Term 4 will provide a number of opportunities once again for our Indigenous students to connect and develop their cultural understanding. There are a diverse range of activities planned which have been designed to promote Indigenous education and advance inclusivity. I encourage our students to embrace the opportunities provided and look forward to updating the College community on these occasions.
A reminder that AIME mentoring continues for Indigenous students in Years 7-12 each Monday from 3-4pm in the ERLC. This is great opportunity for students to receive extra assistance with homework, assessment tasks and revision. Students are encouraged to make the most of the initiative and attend.
Wiradjuri Language and Cultural Camp
Six of our Indigenous students from Years 7 to 11 have been given the opportunity to attend the Wiradjuri Language and Cultural Camp on the 5th & 6th November. The camp will be held at Lake Burrendong Sport and Recreation Centre. Students will have the opportunity to network and immerse themselves in a variety of cultural activities. We look forward to students sharing their experiences upon return from the camp. A copy of the camp program is available on Canvas.
On September 26th our Indigenous students in years 7 and 8 were given the opportunity to attend Muru Mittigar Cultural Education Centre, Rouse Hill. Our Indigenous guide Josh led the students throughout the day; giving them insight into various aspects of traditions and culture. The first session commenced with students gaining insight into different symbols used in Indigenous art and their meaning. Students were able to see different x-ray and dot paintings prior to creating their own story lines with the symbols.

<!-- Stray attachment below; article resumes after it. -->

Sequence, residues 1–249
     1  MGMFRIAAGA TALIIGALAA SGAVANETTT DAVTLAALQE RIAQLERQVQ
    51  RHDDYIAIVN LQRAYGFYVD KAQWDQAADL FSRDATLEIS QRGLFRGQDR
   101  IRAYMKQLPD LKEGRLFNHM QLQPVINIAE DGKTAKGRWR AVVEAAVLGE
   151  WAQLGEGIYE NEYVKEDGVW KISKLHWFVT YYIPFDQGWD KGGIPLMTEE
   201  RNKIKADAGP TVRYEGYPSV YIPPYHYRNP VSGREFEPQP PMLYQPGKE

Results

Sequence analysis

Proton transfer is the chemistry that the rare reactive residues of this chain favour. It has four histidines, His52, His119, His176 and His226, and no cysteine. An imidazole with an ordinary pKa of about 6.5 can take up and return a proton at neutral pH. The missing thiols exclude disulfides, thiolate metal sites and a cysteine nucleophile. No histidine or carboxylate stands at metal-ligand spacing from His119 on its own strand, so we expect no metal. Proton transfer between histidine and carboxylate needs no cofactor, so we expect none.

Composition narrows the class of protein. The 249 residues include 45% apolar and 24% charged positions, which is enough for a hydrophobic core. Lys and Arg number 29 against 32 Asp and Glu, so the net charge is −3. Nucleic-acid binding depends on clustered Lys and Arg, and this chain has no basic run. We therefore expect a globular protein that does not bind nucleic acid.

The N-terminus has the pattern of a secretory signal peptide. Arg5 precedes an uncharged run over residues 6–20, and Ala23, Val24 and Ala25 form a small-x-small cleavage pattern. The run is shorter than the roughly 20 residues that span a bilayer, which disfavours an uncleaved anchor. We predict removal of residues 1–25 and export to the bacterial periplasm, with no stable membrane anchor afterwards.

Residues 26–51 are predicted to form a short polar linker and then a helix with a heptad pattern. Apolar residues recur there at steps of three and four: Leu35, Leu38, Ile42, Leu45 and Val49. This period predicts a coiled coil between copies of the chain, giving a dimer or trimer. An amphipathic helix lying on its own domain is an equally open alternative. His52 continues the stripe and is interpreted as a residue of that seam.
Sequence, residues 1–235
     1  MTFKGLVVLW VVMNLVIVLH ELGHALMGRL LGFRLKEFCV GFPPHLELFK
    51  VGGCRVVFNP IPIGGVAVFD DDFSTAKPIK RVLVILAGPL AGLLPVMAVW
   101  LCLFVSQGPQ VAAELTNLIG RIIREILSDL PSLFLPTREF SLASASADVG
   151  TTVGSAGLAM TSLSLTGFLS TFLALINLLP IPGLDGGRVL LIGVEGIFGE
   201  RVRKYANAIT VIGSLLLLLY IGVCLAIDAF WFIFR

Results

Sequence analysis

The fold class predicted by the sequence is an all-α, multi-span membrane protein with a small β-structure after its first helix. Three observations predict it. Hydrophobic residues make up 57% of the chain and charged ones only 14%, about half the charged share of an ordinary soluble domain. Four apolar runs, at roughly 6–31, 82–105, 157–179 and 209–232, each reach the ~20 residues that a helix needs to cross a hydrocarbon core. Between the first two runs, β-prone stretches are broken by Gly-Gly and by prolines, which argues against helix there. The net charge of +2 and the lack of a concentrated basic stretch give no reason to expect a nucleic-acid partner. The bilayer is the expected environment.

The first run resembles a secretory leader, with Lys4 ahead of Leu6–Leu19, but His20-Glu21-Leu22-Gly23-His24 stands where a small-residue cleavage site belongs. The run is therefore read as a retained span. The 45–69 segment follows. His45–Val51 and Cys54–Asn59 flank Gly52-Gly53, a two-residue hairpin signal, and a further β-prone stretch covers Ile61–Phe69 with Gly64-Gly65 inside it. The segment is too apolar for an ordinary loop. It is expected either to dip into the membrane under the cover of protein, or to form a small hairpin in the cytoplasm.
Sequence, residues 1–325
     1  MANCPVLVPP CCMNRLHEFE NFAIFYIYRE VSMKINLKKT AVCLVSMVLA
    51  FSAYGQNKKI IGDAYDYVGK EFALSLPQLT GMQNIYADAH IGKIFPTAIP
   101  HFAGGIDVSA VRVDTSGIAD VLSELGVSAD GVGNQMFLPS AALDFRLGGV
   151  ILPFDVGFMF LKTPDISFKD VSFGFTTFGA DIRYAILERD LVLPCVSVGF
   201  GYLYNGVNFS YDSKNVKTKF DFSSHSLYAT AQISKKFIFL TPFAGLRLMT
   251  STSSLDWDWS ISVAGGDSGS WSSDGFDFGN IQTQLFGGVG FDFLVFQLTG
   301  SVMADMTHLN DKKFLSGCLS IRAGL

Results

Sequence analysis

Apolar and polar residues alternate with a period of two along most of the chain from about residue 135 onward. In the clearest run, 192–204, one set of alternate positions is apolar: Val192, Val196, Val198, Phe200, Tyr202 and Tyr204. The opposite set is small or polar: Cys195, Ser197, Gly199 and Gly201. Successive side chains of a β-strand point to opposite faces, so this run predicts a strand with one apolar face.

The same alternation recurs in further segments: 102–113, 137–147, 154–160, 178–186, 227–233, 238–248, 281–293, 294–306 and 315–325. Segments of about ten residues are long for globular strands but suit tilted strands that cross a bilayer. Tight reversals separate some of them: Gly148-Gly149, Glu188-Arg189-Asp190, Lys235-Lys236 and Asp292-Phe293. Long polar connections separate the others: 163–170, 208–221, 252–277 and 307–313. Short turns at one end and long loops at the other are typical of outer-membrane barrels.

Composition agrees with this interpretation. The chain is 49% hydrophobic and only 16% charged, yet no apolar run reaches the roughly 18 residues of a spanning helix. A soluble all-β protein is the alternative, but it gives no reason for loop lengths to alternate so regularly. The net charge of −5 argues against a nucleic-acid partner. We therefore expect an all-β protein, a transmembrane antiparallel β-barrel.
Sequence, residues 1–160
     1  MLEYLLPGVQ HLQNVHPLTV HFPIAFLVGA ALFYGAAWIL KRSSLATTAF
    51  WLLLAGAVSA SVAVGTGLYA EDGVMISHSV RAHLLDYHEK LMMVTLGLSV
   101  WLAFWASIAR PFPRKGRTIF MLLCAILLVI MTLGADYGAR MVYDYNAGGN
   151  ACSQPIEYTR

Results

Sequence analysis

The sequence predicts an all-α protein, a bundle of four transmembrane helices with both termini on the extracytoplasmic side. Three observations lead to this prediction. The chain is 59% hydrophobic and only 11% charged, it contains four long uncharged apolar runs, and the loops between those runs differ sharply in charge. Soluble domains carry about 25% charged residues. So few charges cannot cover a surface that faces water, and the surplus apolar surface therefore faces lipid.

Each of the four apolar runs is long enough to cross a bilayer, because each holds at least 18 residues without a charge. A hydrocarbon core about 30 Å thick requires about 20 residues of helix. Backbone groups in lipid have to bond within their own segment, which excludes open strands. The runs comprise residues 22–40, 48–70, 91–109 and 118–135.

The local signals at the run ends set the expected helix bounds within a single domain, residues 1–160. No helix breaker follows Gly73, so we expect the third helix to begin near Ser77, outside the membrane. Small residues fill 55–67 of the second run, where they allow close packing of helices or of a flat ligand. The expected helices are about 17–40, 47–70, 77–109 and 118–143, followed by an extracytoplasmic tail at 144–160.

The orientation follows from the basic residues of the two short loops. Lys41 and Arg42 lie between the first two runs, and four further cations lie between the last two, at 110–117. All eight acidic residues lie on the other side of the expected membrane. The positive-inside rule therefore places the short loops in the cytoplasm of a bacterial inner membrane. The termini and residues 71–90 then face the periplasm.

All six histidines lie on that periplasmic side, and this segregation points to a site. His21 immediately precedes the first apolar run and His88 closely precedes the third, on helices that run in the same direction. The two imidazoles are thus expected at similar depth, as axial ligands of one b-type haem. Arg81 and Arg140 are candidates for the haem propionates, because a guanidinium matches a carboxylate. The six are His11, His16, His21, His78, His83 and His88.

In the second session, students were taken through the gardens of Muru Mittigar to learn of the various plants used for making tools, administering first aid and for food. Students were able to touch and taste a range of plants including the Grass Tree (Blackboy), Sand Paper Fig Tree and Lilly Pilly. Following on from the ‘bush tucker walk’ students were taught to art of throwing the Boomerang. Josh not only explained how to throw, but the way that Indigenous hunters would utilise the returning Boomerang to capture and net birds. Each of the students were giving an opportunity to practice their skills. Judging from the majority of throws, it is fair to say the boy’s have some practice to do.
The final session was the cultural presentation. Josh explored with students the various Indigenous ‘mobs’ throughout Australia. Josh spoke of different markings to separate territory; men and women’s business; initiations; navigation; and totems and customs of traditional life. Throughout his session students were given the opportunity to handle tools and weapons. Students were also given the chance to play the Yidaki (didgeridoo) while learning of its origins.
Thank you to each student who attended the day. Also, a special thank you to Josh and the team from Muru Mittigar Cultural Centre for hosting an excellent day.
Mr R. Peake
Indigenous Education Coordinator